DICKERSON: I remember my mom wanted to send them a letter letting them know I went to Notre Dame and how well I was doing, but I’m not sure if she ever went through with it. Because of what the Test Administrator said, I was too intimidated to major in architecture, so I chose a degree in graphic design. I always had doubt in the back of my mind because I had been told by others that I may not succeed. Even though my parents said I could do whatever I wanted to do, deep down I had to prove it to myself. Grit and determination has led me here. If I could get through that, I could get through anything.

SNYDER BODE: Before you started your company, what kind of culture did you want to create?

DICKERSON: Our company culture is based on Conscious Capitalism, which believes business should be a force for good in the world and have higher purpose over profit. Our purpose is people. We put people first in every decision we make. This includes stake holders, employees, patients, and investors.

HOFFMAN: Does the need to drive revenue growth ever conflict with Conscious Capitalism?

DICKERSON: There are decisions that would be easy decisions to make, however, they may not be the best decision for our employees or our investors. We turned down investors who wanted to make changes to terms when we were already halfway through our capital raise or who demanded a board seat even though we said throughout the process that was not part of the offering. Luckily, I had smart friends from the investment world who told me you can always find money, but there is “good money” and “bad money;” we didn’t just take a big check if it went against our values.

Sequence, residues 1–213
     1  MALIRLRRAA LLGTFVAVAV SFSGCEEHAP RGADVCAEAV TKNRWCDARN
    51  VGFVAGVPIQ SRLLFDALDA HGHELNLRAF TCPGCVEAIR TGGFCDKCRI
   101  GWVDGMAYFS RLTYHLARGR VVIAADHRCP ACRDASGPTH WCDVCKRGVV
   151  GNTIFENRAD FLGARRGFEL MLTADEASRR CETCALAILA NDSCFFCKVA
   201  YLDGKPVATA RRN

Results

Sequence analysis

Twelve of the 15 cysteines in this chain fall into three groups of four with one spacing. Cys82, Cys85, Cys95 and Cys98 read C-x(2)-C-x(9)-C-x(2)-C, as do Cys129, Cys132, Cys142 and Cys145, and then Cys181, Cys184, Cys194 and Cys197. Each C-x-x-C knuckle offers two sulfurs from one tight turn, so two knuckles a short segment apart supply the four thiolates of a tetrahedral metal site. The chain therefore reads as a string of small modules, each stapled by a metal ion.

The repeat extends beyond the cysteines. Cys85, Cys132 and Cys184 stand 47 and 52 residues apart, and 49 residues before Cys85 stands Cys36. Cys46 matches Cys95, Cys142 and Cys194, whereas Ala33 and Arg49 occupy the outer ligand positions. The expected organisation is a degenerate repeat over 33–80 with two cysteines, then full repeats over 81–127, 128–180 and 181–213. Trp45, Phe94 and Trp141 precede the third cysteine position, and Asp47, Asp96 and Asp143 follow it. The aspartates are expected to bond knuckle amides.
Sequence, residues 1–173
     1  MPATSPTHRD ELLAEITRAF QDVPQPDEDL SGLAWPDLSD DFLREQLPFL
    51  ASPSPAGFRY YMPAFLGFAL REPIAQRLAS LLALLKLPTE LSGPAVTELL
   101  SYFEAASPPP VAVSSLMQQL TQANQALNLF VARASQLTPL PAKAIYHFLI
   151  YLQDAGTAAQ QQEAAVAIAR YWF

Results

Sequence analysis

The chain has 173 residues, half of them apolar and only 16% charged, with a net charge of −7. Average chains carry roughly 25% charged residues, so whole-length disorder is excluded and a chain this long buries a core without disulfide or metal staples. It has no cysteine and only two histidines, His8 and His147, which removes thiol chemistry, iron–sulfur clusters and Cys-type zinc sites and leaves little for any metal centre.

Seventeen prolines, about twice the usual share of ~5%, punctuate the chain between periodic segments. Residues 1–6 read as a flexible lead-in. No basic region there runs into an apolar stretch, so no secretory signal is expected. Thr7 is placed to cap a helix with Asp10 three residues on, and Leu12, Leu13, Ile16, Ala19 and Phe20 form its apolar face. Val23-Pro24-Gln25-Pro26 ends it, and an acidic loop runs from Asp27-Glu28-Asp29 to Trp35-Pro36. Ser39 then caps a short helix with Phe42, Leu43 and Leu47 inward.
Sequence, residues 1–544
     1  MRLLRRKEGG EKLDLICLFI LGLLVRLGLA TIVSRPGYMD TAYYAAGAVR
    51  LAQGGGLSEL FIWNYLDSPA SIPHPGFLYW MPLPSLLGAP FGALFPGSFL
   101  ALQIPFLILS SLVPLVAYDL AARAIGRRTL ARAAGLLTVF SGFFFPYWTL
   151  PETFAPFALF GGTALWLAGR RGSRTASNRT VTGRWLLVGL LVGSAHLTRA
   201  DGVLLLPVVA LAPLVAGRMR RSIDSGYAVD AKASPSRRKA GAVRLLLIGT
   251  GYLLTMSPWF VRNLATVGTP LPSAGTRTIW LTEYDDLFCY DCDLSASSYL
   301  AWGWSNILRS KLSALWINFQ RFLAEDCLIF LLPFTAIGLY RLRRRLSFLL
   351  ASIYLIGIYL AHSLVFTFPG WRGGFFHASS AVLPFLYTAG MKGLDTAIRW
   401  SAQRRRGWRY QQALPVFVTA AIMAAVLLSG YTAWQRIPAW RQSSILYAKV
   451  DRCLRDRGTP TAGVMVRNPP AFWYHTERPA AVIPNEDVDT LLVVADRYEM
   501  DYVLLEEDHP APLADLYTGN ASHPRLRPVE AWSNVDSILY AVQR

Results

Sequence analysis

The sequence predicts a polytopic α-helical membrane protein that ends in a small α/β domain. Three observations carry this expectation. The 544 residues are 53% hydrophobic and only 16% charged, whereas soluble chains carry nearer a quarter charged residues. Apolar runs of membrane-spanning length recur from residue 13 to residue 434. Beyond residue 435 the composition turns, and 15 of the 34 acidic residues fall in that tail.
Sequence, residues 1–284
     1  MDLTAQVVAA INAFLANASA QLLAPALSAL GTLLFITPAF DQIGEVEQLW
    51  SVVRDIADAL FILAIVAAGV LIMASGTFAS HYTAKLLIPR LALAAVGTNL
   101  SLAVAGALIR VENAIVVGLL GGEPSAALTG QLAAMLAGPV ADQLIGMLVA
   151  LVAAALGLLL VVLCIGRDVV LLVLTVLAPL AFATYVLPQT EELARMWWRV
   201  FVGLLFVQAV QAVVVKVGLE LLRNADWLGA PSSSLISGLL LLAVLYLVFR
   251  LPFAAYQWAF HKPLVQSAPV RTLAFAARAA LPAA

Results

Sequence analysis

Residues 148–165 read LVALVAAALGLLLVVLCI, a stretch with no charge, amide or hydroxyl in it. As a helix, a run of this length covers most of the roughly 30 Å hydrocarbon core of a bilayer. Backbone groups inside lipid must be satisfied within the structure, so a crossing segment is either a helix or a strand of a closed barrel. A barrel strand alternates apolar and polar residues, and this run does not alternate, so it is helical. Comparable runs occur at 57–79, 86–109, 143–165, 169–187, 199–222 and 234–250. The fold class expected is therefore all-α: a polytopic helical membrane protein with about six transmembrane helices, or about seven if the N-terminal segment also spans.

SNYDER BODE: You have said you knew you were going to do something with healthcare. How did you decide on ear wax?

DICKERSON: We decided to let the market tell us what the needs are instead of just creating a product and forcing it into the market. We spent quite a bit of time talking to any doctor or healthcare professional that would meet with us. We talked to geriatricians, pediatricians, ophthalmologists, EMTs and more. Ear wax impaction was the condition that came up with almost every specialist.

Healthcare companies that focus on the ear are really focused on how to restore hearing or hearing devices. Patients were going in for a medical procedure to have the ear wax removed, which is painful and time consuming. So Joe and I spent nine months in the lab at UNT Health Science Center reading medical literature and patents. We even had our own form of artificial wax to use for different tests. We would buy full pig heads to get skin to build our wax, because pig skin is very close to human skin. I was in the lab shaving off pig skin to create our official wax! Eventually, we were able to harvest human wax for testing. Nine months later, there emerged this formulation that kept working over and over. We officially launched our first product, Earwax MD, on April 17, 2017, and the product hit the shelves at CVS a few months later.